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Media Release
CONTACT:Alison Mitchell
November 7, 2005
(617) 367-6900

Millions in Uncashed Checks Kept from Massachusetts Residents

Massachusetts State Treasurer Tim Cahill today filed suit against Young America Corporation in an effort to return millions of dollars to Massachusetts residents. The suit petitions the Massachusetts Superior Court to direct Young America to open its records of uncashed rebate checks for examination by auditors.

“Records confirm that Young America owes millions to Massachusetts residents, and $129 million to consumers nationwide,” said Treasurer Cahill.

Young America, a Minnesota based company, is the country's largest rebate fulfillment house. Many large companies, including Hewlett-Packard and Best Buy, have used Young America to process rebate forms and send rebate checks to their customers. In an apparent attempt to avoid state unclaimed property laws, Young America has entered into agreements with these and other companies allowing it to keep the proceeds of uncashed checks in exchange for charging the customer a discounted processing fee. From 1995 to 2002, according to SEC filings, Young America pocketed $42,962,339 in uncashed rebate checks as its own income. Court records confirm that Young America returned approximately $86 million in uncashed rebate checks to its corporate clients, rather than to consumers. Numerous consumer complaints have also been made about “phantom rebates,” which include extensive paperwork and impossible deadlines.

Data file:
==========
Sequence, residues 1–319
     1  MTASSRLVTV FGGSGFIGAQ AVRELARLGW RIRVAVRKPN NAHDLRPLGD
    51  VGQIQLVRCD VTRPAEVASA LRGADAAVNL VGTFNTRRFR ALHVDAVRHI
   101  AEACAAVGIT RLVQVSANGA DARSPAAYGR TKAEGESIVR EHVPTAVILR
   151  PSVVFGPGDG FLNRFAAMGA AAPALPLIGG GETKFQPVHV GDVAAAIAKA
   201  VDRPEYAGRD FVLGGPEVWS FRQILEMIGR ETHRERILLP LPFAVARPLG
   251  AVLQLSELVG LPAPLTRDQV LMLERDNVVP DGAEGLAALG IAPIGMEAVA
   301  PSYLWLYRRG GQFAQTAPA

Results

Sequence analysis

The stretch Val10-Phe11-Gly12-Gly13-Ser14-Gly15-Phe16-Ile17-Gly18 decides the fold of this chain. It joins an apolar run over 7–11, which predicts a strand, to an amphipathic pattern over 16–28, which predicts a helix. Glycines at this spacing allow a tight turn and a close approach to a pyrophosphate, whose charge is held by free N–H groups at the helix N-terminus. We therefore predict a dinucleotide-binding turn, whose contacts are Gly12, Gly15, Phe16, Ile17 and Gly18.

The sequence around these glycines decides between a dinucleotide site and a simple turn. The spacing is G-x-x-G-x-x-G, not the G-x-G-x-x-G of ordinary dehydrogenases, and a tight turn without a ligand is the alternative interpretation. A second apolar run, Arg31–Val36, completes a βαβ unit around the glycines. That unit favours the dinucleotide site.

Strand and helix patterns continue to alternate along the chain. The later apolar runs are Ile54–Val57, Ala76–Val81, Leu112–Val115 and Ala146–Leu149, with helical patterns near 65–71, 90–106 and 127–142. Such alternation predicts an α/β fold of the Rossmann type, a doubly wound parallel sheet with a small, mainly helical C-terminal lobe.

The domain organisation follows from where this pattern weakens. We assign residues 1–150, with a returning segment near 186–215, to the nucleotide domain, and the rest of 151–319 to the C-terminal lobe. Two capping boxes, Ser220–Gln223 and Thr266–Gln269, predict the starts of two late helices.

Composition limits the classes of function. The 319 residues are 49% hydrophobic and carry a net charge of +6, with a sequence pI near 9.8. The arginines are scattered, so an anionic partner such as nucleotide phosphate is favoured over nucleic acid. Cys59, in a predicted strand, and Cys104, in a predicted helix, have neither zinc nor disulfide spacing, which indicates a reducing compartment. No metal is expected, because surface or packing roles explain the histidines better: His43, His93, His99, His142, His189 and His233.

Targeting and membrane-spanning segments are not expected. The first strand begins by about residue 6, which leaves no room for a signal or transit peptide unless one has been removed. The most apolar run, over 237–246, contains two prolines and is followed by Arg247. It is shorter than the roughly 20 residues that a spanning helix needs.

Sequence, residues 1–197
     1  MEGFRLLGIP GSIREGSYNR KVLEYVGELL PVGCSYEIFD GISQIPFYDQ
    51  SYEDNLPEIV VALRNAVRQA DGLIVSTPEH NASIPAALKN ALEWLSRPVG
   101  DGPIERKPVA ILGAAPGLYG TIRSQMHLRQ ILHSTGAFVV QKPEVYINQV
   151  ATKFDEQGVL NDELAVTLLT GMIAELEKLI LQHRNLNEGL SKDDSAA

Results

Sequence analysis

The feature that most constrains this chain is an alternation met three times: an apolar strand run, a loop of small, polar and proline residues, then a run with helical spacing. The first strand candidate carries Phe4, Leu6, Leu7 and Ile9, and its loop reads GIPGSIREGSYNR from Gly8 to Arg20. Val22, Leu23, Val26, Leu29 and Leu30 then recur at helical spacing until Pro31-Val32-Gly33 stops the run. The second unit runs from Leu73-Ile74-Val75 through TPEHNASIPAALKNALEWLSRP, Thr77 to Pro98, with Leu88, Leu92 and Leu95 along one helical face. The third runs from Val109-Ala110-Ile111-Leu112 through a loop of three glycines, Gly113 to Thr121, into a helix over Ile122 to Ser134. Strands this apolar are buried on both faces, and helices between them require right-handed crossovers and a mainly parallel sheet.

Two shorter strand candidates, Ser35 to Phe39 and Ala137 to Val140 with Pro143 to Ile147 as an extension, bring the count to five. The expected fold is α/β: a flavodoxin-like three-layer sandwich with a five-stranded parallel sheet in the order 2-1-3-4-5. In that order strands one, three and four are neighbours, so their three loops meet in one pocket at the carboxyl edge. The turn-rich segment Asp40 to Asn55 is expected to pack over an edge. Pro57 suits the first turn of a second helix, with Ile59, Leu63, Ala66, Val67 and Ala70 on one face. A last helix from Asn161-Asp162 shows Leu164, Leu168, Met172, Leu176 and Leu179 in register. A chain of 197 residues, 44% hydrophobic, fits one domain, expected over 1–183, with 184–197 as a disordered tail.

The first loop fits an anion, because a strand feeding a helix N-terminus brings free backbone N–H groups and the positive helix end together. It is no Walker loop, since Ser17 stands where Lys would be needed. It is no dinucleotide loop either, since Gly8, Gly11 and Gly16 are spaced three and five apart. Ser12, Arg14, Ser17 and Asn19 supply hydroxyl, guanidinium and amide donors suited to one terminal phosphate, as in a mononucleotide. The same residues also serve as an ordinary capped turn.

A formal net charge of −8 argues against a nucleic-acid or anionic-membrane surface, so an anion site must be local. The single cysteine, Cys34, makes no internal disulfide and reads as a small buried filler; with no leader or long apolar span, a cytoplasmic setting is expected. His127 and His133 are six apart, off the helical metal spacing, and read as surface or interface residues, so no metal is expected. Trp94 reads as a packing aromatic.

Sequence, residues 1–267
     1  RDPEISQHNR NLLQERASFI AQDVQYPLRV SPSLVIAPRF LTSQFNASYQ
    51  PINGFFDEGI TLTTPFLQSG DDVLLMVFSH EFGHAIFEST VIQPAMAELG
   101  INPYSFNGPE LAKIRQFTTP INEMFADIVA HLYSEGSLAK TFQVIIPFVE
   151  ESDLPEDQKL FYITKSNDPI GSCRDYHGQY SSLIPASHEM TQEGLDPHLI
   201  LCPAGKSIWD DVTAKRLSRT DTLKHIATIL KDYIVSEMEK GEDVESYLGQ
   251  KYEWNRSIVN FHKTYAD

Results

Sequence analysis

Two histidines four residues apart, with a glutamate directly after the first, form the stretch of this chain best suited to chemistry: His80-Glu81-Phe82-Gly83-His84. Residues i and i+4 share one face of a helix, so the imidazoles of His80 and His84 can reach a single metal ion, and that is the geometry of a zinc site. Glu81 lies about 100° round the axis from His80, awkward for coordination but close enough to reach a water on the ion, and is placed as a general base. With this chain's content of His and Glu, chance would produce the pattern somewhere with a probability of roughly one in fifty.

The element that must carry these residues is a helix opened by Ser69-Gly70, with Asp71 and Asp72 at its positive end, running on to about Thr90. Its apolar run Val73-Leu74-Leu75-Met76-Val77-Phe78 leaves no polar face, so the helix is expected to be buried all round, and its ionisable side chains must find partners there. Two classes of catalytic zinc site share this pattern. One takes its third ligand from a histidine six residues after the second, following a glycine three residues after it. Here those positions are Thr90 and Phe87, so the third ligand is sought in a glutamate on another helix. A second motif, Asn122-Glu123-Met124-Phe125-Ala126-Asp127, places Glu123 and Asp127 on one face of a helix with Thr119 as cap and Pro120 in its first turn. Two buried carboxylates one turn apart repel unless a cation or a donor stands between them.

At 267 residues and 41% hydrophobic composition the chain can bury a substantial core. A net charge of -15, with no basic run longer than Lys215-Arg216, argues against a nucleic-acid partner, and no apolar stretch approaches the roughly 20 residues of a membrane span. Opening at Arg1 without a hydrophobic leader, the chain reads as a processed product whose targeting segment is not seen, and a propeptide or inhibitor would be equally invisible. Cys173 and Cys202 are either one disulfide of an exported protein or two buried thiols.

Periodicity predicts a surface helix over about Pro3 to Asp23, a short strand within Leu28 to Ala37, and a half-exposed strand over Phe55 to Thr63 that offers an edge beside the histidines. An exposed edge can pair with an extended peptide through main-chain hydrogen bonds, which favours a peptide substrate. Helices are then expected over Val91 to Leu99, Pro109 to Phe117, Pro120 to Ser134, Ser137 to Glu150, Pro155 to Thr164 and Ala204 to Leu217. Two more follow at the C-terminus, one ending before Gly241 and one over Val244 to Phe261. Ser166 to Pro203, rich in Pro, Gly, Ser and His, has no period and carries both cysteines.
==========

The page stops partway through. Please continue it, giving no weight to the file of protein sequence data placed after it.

"This is one of the worst consumer abuses I’ve seen,” said Treasurer Cahill. “Not only is the consumer virtually unable to obtain promised rebates, but Young America, which should be processing those rebates, is keeping uncashed checks as its own property.”

Massachusetts law requires that after three years, the proceeds of uncashed rebate checks must be turned over to the state’s abandoned property division and returned to their rightful owners. In 2003, Treasurer Cahill formally notified Young America that

Massachusetts joined 40 other states asking to audit Young America’s unclaimed rebate check records. Young America refused to comply with state laws and, instead, filed an action in the United States District Court to block the audits. The action was dismissed, and the United States Court of Appeals has affirmed that decision. Young America has now filed suit against Massachusetts and the 40 other states in a further attempt to withhold more than $40 million dollars from consumers nationwide. Since Young America has continued to refuse to cooperate in an examination of its records to ensure compliance with the Massachusetts law, Treasurer Cahill has filed suit in Massachusetts Superior Court to halt to this abuse.

“Young America has been keeping uncashed checks as their own property instead of turning this money over to consumers,” stated Cahill. “This suit will help put an end to these abuses and return money to its rightful owners in Massachusetts.”

Cahill oversees the state’s Abandoned Property Division, which in fiscal year 2005 returned more than $70 million in cash and stock to residents, municipalities and organizations in Massachusetts. For more information, or to see if you have money with the Abandoned Property Division, visit

Prior to being elected Treasurer in 2002, Cahill served as Norfolk County Treasurer and a City Councilor in Quincy, and was a successful small business owner. He lives in Quincy with his wife and four daughters.




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Office of the State Treasurer
State House, Room 227
Boston MA, 02133

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